Blepharoplasty inherently describes a surgical procedure, originating from the words “blepharon” (eyelid) and “plasty” (to form). Nevertheless, a non-surgical eyelid lift would appeal to those who shy away from the potential risks of surgical procedures. And also to those concerned about downtime and cost. To date there hasn’t been any advances worth mentioning that provide predictable, noticeable results – until soft surgery came along.
What is Felc Soft Surgery?
This is a device which utilises plasma in order to achieve effects on the skin. Plasma might sound a little bit sci-fi, but is a natural phenomenon. Alongside solid, liquid and gas, it is one of the four fundamental states of matter. It’s difficult to create plasma, and it has to be generated as a gaseous mixture of highly negatively and positively charged ions. The Felc device generates a small arc like a tiny lightning bolt that interacts with the tissue, causing sublimation. This is where solid matter is turned into gas. In short, the surface of the treated tissue is instantly vaporised.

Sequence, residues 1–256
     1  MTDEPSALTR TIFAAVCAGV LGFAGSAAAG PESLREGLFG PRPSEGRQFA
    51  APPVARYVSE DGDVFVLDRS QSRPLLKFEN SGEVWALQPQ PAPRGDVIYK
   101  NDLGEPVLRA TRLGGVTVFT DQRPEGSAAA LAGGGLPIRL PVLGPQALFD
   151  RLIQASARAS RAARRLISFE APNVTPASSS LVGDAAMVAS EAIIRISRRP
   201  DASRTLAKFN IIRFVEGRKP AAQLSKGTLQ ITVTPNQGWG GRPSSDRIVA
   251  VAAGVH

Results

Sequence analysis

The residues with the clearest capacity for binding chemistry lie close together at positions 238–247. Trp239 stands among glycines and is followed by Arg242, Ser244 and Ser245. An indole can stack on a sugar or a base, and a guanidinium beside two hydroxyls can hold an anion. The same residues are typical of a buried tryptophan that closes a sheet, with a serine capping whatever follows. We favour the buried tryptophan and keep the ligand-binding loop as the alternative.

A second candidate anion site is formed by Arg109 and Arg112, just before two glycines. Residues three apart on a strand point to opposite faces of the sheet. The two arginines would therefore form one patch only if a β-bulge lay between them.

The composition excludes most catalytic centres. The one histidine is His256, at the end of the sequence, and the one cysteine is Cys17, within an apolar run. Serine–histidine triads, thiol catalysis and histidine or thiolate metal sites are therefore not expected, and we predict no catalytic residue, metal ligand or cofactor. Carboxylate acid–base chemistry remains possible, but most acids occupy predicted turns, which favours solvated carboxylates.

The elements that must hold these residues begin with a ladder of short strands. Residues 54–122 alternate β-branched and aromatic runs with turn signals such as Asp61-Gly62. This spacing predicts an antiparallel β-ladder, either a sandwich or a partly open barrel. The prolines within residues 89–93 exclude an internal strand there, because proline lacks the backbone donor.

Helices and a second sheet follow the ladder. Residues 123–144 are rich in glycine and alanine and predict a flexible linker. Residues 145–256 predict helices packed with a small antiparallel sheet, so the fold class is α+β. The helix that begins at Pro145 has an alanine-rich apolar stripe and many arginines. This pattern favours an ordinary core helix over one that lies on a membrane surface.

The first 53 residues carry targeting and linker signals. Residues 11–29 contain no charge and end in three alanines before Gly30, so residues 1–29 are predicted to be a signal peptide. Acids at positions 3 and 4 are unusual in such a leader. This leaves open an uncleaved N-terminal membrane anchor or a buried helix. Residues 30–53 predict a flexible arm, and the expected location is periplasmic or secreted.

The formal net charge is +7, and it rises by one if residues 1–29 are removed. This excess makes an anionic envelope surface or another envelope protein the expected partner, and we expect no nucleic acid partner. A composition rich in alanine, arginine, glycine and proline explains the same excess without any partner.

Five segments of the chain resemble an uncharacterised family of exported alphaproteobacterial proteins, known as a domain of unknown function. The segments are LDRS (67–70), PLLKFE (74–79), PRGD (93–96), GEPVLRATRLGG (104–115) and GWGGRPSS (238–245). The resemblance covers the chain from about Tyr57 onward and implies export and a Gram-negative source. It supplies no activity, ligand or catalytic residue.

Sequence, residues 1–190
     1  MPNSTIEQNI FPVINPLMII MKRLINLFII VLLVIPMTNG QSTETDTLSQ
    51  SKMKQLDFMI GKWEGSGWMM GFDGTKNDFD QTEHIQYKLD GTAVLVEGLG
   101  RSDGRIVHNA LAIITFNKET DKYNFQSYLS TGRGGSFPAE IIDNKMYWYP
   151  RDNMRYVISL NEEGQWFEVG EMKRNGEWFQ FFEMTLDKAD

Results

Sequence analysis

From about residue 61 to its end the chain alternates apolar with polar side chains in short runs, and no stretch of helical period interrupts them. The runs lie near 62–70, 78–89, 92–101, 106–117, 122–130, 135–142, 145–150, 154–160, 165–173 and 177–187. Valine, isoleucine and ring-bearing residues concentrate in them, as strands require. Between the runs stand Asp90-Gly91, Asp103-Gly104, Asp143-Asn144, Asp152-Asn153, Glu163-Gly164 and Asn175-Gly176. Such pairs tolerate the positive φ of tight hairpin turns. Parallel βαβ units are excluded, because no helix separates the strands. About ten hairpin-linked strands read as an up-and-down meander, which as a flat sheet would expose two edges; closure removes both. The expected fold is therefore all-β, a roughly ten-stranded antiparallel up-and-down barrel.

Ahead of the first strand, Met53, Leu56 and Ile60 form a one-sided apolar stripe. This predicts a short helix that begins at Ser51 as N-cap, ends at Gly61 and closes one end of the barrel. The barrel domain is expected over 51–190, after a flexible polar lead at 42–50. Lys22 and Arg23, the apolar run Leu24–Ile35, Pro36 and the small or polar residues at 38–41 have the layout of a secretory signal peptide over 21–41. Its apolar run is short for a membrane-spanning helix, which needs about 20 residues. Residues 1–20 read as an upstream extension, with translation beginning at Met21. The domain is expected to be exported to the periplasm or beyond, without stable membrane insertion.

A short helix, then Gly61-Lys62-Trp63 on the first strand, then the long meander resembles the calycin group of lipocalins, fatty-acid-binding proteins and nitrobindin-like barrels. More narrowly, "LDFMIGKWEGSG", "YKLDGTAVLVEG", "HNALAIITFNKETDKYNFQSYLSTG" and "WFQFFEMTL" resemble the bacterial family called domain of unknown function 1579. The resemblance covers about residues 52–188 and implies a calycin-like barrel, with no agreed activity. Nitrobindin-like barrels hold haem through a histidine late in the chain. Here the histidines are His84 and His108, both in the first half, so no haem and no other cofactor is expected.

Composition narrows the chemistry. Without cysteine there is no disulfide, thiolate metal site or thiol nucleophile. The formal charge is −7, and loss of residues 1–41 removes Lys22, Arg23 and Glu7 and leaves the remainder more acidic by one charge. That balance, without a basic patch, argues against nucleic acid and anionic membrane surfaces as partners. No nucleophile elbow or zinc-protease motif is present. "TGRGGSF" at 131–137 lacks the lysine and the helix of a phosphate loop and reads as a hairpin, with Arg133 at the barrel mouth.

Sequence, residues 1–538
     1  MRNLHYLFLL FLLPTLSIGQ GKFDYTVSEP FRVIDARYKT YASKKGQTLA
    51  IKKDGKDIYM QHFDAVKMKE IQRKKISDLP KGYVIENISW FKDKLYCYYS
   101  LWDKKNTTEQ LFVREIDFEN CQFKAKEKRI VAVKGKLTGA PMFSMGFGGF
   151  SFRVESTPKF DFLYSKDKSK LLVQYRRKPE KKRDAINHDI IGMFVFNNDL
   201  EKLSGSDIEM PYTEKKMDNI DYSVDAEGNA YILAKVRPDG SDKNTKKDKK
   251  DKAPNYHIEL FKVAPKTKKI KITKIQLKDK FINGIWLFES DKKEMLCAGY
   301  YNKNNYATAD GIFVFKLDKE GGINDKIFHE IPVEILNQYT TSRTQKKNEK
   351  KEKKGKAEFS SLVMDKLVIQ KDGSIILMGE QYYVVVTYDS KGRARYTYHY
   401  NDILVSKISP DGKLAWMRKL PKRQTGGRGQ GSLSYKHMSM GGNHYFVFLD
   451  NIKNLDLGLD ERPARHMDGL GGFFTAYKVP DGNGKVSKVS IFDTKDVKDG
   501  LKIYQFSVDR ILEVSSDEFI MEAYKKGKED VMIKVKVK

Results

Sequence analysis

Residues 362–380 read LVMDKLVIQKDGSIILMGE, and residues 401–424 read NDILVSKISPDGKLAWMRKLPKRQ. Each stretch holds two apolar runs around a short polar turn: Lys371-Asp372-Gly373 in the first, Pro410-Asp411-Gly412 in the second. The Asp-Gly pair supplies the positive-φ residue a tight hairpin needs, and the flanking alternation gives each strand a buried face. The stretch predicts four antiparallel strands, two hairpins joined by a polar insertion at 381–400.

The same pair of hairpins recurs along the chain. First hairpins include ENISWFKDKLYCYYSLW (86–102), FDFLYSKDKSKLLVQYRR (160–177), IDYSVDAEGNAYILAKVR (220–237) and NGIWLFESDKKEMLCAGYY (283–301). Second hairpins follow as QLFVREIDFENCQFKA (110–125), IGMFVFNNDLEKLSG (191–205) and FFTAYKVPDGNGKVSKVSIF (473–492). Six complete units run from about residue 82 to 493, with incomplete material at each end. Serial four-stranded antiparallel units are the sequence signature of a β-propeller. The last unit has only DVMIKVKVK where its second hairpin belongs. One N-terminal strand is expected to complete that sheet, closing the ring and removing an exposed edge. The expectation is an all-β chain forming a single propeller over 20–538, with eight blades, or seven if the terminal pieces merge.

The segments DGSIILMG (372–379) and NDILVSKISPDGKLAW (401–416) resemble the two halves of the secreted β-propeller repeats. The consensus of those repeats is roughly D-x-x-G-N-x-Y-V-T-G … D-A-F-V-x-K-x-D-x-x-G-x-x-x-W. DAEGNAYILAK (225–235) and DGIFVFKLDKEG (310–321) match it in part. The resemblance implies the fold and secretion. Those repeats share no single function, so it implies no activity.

Developed in Italy, it was first used on patients for the purposes of eyelid lifting by Prof Giorgio Fippi. He is the President of the Italian society for aesthetic medicine and non-ablative surgery. He first came up with the idea of plasma surgery way back in the seventies.
Unlike conventional surgical intervention, skin is not removed. Also the fat pads around the eyes are not altered in the treatment. Instead, it achieves its outcome by skin tightening this means the results are dependent on how much excess skin there is to correct, and is the limiting factor in how much of a result can be achieved.
Treatment of the surface of the skin does not result in heat conduction to the dermis, so there’s no damage to underlying structures. So is safe for use on the eyelid tissue with a significant reduction in risk compared to normal surgical measures. There is also minimal risk of scarring compared with conventional surgical eye lifts, which will always leave a scar, no matter how small and well hidden.